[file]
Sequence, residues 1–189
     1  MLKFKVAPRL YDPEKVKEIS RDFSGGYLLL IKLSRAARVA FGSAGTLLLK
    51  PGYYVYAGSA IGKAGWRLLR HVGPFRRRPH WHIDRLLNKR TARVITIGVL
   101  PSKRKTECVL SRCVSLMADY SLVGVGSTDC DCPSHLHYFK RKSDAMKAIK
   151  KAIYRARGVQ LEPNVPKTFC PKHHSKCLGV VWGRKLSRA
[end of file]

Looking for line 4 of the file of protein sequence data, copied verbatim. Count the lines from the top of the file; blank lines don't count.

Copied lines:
   101  PSKRKTECVL SRCVSLMADY SLVGVGSTDC DCPSHLHYFK RKSDAMKAIK